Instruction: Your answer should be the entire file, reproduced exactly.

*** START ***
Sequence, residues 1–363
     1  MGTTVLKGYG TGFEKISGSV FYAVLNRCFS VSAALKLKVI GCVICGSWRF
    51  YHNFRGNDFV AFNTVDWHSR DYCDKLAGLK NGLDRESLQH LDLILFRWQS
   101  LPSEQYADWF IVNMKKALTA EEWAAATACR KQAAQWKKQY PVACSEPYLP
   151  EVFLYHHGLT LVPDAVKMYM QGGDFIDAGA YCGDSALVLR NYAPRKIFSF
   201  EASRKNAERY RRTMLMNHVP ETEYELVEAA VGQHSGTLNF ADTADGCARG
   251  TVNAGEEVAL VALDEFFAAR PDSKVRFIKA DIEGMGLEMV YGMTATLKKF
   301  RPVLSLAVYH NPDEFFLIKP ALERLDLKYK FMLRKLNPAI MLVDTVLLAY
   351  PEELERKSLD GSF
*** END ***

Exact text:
Sequence, residues 1–363
     1  MGTTVLKGYG TGFEKISGSV FYAVLNRCFS VSAALKLKVI GCVICGSWRF
    51  YHNFRGNDFV AFNTVDWHSR DYCDKLAGLK NGLDRESLQH LDLILFRWQS
   101  LPSEQYADWF IVNMKKALTA EEWAAATACR KQAAQWKKQY PVACSEPYLP
   151  EVFLYHHGLT LVPDAVKMYM QGGDFIDAGA YCGDSALVLR NYAPRKIFSF
   201  EASRKNAERY RRTMLMNHVP ETEYELVEAA VGQHSGTLNF ADTADGCARG
   251  TVNAGEEVAL VALDEFFAAR PDSKVRFIKA DIEGMGLEMV YGMTATLKKF
   301  RPVLSLAVYH NPDEFFLIKP ALERLDLKYK FMLRKLNPAI MLVDTVLLAY
   351  PEELERKSLD GSF